[Tadros] described a similar survey, the APM Cluster Redshift Survey (Tadros et al. 1998). The first phase of this survey consisted of 364 clusters drawn from the APM cluster catalogue of 960 clusters covering 4500 sq.deg. The APM clusters provide a cleanly-selected sample that is largely unaffected by the inhomogeneities and projection effects afflicting the Abell catalogue. The redshift-space cluster-cluster correlation function xicc(s) is well represented by a power law with index gamma ~ 2 and a correlation length of 14 h-1 Mpc (smaller than that of the Abell catalogue). The LSS as measured from clusters provides a clean comparison with cosmological models, since clusters are readily identified from the dark matter halos without the confusion of a bias parameter. The APM xicc(s) is consistent with LambdaCDM and MDM models, but has more clustering than is predicted by standard CDM.

An estimate of beta = Omega0.6 / b can be obtained by comparing the real-space and redshift-space cluster-galaxy cross-correlation functions xicg. The real-space xicg(r) was derived from the cluster survey and the APM galaxy catalogue by inverting the angular cluster-galaxy cross-correlation function. The redshift-space xicg(sigma, pi), as a function of separation in the plane of the sky (sigma) and along the line of sight (pi), was derived from the cluster survery and the Stromlo-APM redshift survey. These two xicg's can be related using a model incorporating non-linear infall and the velocity dispersion of galaxies around clusters. [Tadros] showed that the best-fit model yields an estimate of beta approx 0.4, with a 95% upper confidence limit of beta < 0.7. The power spectrum from the APM cluster survey shows a turnover at k approx 0.03 h Mpc-1, but the median depth of the survey (270 h-1 Mpc) is only just adequate to measure P(k) on this 200 h-1 Mpc scale. To improve the significance of this detection and reduce the systematic errors, the second phase of the APM cluster survey, now underway, will obtain redshifts for the remaining clusters in the APM cluster catalogue, bringing the sample up to 960 clusters. This cluster survey, which will take 2-3 years to complete, will be particularly useful since it overlaps with the 2dF Galaxy Redshift Survey.

The faint galaxy correlation function at large angular scales was discussed by [Brown], who has used digitally-stacked Schmidt plates to achieve an approximate limit of BJ = 23.5. This gives 700,000 galaxies in each of two 40 sq.deg fields. The median redshift at this depth is z approx0.4. The correlation function he derives is well-fit as a power-law, omega(theta) propto theta1-gamma with gamma = 1.7, over the range 0.05-10 h-1 Mpc. The amplitude of the correlation function declines as (1 + z)-(3+epsilon) with epsilon approx0, corresponding to fixed clustering in physical coordinates. However these results hide the different clustering properties of the red and blue galaxies, which are respectively fitted by models with gamma = 1.8, epsilon = -1.3 and scalelength r0 = 8.6 h-1 Mpc, and gamma = 1.6, epsilon = -1.5 and r0 = 3.5 h-1 Mpc. The clustering amplitude of red galaxies is thus about 5x higher than the blue galaxies. The lack of any significant strengthening of the clustering amplitude of blue galaxies out to z ~ 0.4 suggests that the increase in the population of blue galaxies in clusters with redshift (the Butcher-Oemler effect) is simply related to the overall increase in the faint blue galaxy population with redshift.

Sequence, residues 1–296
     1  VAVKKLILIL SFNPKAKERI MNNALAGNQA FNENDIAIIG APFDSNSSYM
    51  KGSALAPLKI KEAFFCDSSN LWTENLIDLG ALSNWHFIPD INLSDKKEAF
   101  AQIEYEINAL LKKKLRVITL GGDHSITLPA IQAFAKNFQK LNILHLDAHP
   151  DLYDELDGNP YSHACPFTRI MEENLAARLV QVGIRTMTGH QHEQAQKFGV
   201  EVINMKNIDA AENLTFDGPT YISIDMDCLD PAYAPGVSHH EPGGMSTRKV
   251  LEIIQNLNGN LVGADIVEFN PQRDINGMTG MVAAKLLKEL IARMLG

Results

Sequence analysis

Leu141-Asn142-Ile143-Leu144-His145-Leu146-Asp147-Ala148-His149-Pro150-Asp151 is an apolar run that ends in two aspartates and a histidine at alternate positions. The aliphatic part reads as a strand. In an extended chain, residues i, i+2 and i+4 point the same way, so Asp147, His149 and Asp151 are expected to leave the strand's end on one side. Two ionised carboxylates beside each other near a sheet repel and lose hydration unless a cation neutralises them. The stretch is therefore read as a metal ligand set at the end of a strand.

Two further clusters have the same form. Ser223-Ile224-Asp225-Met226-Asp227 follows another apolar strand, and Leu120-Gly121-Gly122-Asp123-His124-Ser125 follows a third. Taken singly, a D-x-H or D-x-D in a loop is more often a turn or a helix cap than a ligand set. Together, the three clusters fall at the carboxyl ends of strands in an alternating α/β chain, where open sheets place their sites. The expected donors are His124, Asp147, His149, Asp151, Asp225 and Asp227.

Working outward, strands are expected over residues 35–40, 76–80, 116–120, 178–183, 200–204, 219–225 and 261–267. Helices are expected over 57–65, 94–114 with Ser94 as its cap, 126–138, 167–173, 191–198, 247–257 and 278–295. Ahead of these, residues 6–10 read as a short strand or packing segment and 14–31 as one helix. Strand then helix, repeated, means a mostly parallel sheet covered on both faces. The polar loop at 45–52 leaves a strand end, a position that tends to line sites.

The LSS goals of the 2dFGRS, and some preliminary results from the survey, were described by [Dalton]. The main LSS goals are: (i) the determination of P(k) on large scales ( > 100 h-1 Mpc); (ii) the topology of the 3D distribution; (iii) tests of gaussianity (on large scales) and biasing (on small scales) from higher-order statistics; (iv) estimation of the mass density Omega and the bias parameter(s) b from the redshift-space distortions. Dalton discussed the tiling and fibre-assignment algorithms used in the survey, and showed that the restrictions on minimum fibre separations mean the survey is significantly biased against close pairs with separations less than 2 arcmin (corresponding to 150 h-1 kpc at the median depth of the survey, z = 0.1). This effect, and the variation in redshift completeness with apparent magnitude, are taken into account when estimating or simulating the large-scale structure statistics derived from the survey.

[Dalton] showed preliminary determinations of the redshift-space correlation function xi(sigma, pi) for the 2dFGRS. There is very good agreement with the results obtained from the Las Campanas Redshift Survey (LCRS). The distortions in xi(sigma, pi) shown in Figure 4 are roughly consistent with a model with beta = Omega0.6 / b approx 0.5 and small-scale velocity dispersion sigma approx 400 km s-1. A similar value for beta emerges from the quadrupole to monopole ratio of the redshift-space distortions on large scales. As a consistency check on the results, the projected correlation function Xi(r), derived by integrating over xi(sigma, pi), has been compared to that obtained by Baugh & Efstathiou (1993) from a deprojection of the angular correlation function of the parent APM galaxy catalogue. There is excellent agreement on scales up to 30 h-1 Mpc, while on larger scales the cosmic variance dominates the uncertainties in the as-yet-incomplete 2dFGRS.